Ever since the new morning show guy started about six months ago, my work bench chair has been frequently migrating into the air studio. I don’t mind sharing, as long as things are put back where they came. I requested that the ever so cool, to hip to care DJ return it after use, which was ignored.
On my last trip to the hardware store, I made a purchase:
Behold, a length of 5/16 chain and two master combination locks. Now, every time I go to sit in my work bench chair, it is there.
If you work at a radio station that still has a local program director instead of one at the corporate programming lair (I know, sooooo old school), then you might be interested in this. I compiled a list of things that radio station program directors like:
Good ratings. A good rating book means that they are great program directors and they really know their stuff. Bad ratings means that engineering dropped the ball (again) when the station went off the air for 30 seconds during afternoon drive.
Taking credit for anything good. Sort of goes with the good ratings above, but this extends out to all other aspects of a radio station, promotions, sales, news, and even engineering.
New Processing. Any new gizmo or gadget that changes the sound of the microphone or entire station, for better or worse, is good. The more flashing lights the better. The more knobs to adjust the better. Things that can be plugged into computers and remotely controlled are the ultimate.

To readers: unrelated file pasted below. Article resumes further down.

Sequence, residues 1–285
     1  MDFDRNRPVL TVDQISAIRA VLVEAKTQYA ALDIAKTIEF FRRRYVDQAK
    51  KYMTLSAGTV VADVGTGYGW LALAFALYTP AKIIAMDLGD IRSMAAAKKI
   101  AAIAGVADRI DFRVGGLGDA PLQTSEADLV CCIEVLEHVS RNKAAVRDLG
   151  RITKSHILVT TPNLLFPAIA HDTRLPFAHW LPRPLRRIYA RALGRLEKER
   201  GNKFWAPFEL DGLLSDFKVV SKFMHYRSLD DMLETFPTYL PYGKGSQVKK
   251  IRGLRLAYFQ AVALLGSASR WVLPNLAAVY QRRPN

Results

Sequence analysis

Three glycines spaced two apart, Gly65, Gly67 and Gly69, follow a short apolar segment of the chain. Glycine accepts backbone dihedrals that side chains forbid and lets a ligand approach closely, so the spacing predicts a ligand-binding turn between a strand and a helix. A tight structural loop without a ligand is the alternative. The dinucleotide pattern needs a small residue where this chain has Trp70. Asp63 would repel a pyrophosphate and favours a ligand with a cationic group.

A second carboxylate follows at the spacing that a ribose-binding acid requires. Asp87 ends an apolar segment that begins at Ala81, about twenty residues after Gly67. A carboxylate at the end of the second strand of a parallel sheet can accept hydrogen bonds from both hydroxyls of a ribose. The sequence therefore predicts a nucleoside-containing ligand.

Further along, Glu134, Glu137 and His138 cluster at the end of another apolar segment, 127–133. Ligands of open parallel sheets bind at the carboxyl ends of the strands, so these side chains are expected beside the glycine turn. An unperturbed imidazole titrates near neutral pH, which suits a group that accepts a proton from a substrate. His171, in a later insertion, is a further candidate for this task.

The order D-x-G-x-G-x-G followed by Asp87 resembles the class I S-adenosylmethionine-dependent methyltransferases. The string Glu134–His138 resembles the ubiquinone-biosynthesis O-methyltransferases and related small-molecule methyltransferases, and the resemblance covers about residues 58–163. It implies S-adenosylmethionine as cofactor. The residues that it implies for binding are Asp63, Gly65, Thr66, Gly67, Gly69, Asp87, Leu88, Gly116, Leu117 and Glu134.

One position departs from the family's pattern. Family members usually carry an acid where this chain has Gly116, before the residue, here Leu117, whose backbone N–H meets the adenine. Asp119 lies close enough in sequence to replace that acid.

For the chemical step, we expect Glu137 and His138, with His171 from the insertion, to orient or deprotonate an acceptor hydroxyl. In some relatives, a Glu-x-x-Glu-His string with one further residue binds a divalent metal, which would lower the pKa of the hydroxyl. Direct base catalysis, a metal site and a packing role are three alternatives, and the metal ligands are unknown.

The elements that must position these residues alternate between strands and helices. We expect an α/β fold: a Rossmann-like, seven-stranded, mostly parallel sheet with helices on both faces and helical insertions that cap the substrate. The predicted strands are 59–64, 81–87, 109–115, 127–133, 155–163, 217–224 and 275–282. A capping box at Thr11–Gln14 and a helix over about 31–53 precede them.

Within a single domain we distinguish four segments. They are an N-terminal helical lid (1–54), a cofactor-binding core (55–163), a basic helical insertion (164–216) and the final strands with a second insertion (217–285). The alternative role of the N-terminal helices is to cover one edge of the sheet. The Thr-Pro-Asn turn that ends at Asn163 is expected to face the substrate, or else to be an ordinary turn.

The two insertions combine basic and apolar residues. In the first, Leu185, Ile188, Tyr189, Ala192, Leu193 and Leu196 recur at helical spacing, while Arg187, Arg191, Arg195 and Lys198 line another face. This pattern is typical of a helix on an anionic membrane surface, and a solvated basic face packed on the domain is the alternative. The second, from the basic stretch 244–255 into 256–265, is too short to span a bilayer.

More. More of anything is better, more compression, more expansion, more highs, more mid-range, more lows, more gain, more de-essing, more loudness, more power, more punch, more reverb, more crack, more more more. If they could just have a little more, the station would be number one.
Any other new piece of equipment. Watching a program director look at a new studio is like watching a two year old open presents on Christmas morning. I know, I have a two year old. Unfortunately, the studios don’t stay new looking for long.
Taping notes up in the studio. I have one studio where every stationary piece of equipment has a note taped to it. Mind you, the notes have nothing to do with the equipment they are covering up, they are more like general directions, phone numbers, and other miscellaneous pieces of information.
Free stuff. Used to be called payola or plugola, now it is a free lap top, or a trip to Disney paid for by the record rep. I’ve even seen some mysterious mike processors show up (see number 3).
Rigging up lights to alert operators. This is a great one, the studio operator does not know if the Marti (or Matrix or ISDN) is active, so they want a light to indicate there is someone there. Or a light on the phone hotline, or a light for the EAS machine, the back door, the coffee machine, the silence sensor (never mind they are in the studio, they still need a silence sensor light)
Blaming other people when things go wrong. The program director is infallible. If something goes wrong, it is somebody else’s fault. Always. And forever. Amen.
Some one suggested that I put up the video “More, more, more” by Andrea True Connection to go along #4. Well, okay, I guess. It is not a terrible song but the video kinda suxor. From what I can tell, Andrea True is a former p0r n star that turned signer for just this one hit. Looks like it was filmed on a p0r n set too.
Feel free to add anything else that I may have forgotten. Of course, this is all in good fun. I’ll to a “stuff radio engineers like” post as soon as I figure out what that is.